Relations between the People’s Republic of China and Latin America are characterized more by expanding trade flows and business connections than by establishing traditional political or military ties. China’s emergence in the region is peaceful and constructive. China’s rise in Latin America provides more opportunities than challenges for both Latin American and the United States, because:
First, China behaves as a “responsible stake-holder” in Latin America. Compared with Russia’s “security and military-technical cooperation” with Latin American, China’s engagements have been more constructive. Indeed, China’s purchase of commodity has been the main factor for Latin America’s economic growth in the last decade.
Second, China offers an alternative model for Latin American economic development. Beijing’s emergence has prompted many Latin American countries to reexamine whether the Washington Consensus is truly viable for them. As China becomes a member of Inter-American Development Bank, Beijing can contribute even more to Latin America’s development.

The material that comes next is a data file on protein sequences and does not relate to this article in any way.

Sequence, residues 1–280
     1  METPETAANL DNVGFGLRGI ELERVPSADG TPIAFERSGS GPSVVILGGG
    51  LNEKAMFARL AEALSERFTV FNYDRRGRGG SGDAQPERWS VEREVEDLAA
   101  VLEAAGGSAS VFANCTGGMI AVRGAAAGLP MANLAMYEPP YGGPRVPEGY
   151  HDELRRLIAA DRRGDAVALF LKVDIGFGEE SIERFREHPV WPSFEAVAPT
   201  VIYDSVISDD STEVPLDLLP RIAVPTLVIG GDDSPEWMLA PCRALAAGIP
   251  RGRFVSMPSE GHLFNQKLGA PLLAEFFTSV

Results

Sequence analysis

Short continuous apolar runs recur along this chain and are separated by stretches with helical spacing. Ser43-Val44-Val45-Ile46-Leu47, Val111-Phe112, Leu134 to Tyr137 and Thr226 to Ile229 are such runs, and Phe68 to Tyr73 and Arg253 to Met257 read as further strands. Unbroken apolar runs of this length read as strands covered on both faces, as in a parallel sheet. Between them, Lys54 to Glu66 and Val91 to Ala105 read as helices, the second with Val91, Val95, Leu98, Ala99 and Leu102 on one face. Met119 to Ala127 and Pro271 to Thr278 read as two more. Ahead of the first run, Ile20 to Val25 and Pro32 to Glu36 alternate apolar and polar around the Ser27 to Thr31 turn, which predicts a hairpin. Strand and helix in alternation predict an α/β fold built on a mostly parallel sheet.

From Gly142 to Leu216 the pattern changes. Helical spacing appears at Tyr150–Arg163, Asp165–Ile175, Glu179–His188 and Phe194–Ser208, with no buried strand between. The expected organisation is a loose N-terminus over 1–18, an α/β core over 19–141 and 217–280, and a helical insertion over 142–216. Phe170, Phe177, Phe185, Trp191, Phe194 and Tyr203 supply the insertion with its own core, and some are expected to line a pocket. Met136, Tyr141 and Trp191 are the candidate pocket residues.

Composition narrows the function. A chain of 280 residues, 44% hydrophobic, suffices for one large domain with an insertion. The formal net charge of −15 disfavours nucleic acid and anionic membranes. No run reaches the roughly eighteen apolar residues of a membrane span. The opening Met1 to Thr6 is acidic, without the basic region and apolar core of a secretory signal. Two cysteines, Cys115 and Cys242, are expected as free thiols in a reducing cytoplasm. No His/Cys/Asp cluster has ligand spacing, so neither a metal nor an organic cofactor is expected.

Third, Latin America serves as a valuable proving ground for a “diplomatic truce” between China and Taiwan. Gestures such as allowing Taiwan’s former vice-President to attend the APEC 2008 meeting in Peru shows that China is less interested in “isolating” Taiwan in the region than establishing a workable equilibrium to promote security. The more stable the relation between Beijing and Taipei maintains, the more economic opportunity provides to Latin America and the United States.
Hsiang, Antonio C.
"China Rising in Latin America: More Opportunities than Challenges,"
Journal of Emerging Knowledge on Emerging Markets:
Vol. 1, Article 4.
Available at: http://digitalcommons.kennesaw.edu/jekem/vol1/iss1/4